Best Time to Transplant and Plant Trees

They’re aesthetic, shady, and some have fresh-smelling blossoms – trees simply bring a wonderful atmosphere to the yard. But before going out and planting or transplanting a tree, plan ahead for the best time to plant, make sure you have the new space ready, and have everything you need to make the planting or transplanting successful.

Related Topic: Best Trees for the Front Yard

Best Time to Transplant Trees

The ideal time to transplant is when the tree is still dormant. Normally this would be late fall, after the last leaf has dropped but before the ground is frozen, or early spring before the new buds form. If you are transplanting trees in spring, expect the growth to be stunted for that season.

How to Dig a Tree for Transplanting

  • Locate the New Spot: Carefully consider the space you plan to relocate the tree. Check if there are wires overhead that the tree may grow into in the future. And find out if there are utility lines in the way of the roots by contacting Dig Safe Canada before you start.
  • Get Your Measurements: The root ball is the ball of dirt that you will carry along with the roots to the new hole. To find how wide you should dig to cover all the roots, measure the trunk diameter. Calculate 30 to 45 centimetres for the diameter of the roots for every three centimetres of the trunk’s diameter.

Trees with diameters over five centimetres will take heavy-duty equipment to dig up and move. For these larger trees, be safe and call an expert, like your trusted Grounds Guys, to help with the transplant.

  • Water Generously Before Digging: A day or two before you plan to move the tree, give it heavy water. This will soften the soil and make it easier to dig through.
  • Tie the Branches: Secure the branches to protect them during the move, but also to keep them from whipping you while you work with the tree.
  • Prepare the New Hole: Before you break ground in moving the tree, you will want to dig the new hole and have it ready to receive the tree. You already have your measurements for the size of the hole from your calculations for the root ball, and you’ve ensured there are no utility lines in the way.
  • Trench Around the Roots: Using your calculations for the roots, take a sharp spade shovel and start around the edge of what will be the root ball. Dig down 30 to 60 centimetres before cutting under the roots to round out the ball.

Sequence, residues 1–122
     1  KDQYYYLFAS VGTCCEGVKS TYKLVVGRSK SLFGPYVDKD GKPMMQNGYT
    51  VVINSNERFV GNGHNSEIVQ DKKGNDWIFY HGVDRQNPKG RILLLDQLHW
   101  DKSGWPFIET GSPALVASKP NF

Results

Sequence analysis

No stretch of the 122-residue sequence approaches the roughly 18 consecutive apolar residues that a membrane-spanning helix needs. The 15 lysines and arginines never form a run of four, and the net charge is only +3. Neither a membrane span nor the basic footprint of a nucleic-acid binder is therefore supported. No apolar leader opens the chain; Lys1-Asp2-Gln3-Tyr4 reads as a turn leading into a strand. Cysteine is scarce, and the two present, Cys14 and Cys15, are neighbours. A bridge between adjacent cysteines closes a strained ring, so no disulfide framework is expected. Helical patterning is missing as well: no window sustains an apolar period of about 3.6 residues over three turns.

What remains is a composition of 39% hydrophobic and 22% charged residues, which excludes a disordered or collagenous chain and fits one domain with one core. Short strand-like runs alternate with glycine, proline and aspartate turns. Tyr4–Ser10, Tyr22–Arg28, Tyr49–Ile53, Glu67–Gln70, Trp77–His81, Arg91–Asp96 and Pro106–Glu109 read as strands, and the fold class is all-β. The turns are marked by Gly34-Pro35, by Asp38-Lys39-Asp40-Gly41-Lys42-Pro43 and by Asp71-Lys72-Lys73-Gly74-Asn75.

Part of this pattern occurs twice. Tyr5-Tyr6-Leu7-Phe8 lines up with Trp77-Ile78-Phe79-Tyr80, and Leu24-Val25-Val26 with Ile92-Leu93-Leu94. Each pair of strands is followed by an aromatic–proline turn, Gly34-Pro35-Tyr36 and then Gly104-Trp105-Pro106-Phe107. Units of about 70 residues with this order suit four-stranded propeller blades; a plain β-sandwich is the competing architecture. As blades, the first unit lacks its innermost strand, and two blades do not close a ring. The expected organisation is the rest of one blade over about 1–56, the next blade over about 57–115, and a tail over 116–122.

• Transport the Tree: The tree is very vulnerable at this time, and you will need to take extreme care. If you have an extra set of hands available, you will want the help here. The dirt around the roots has to stay well intact, or else the tree may not survive the process. Cut a piece of burlap that is large enough to hold the root ball. Tipping the ball to one side, slide the burlap in the hole and roll the roots into it. Using twine, make sure the roots are secure. When you are ready to lift the tree, make sure to lift from the bottom rather than the trunk, which could cause damage. Gently carry the tree to its new home.
  • Plant the Tree: Carefully place the tree in the new hole. The top of the root ball should be just above ground level, but no more than three to five centimetres. When you have the tree fit where you want it, you can cut and remove the twine and burlap. Then fill the hole with soil from the tree’s original location.
  • Protect from Transplant Shock: The process of transplanting may be over, but your tree will still need time to heal. With extra care, you can help it along.

But before you grab a fertilizer for transplanted trees, evaluate first if your tree needs to be fertilized. Because trees and shrubs don’t benefit from overfertilization, it’s better to wait until your tree has been established for a full growing season before offering it fertilizer.

Another option while your tree is getting settled is to apply mulch. Mulch prevents weeds, minimizes loss of water to evaporation, insulates the roots from extreme temperatures, and breaks down to offer the soil nutrients. Using an organic woodchip mulch two to five centimetres from the trunk, you can offer nutrients back to the soil for the tree to absorb. (Applying too close or covering the base of the trunk can smother the tree.)

Related Topic: Protecting Trees from Deer

Move Trees with Your Trusted Grounds Guys

Trees are a beautiful addition to your yard but planting new trees or moving existing trees can be a big, time-consuming project. And if not done correctly and with care, you run the risk that the tree may not survive the move. If you have trees you would like to move, or you want to plant new ones, your local landscaping pros at The Grounds Guys can help. We're experts at keeping your tees and the rest of your landscaping looking its best all year long. To learn more give us a call at (888) 972-8063 or request an estimate online for tree planting services you can trust.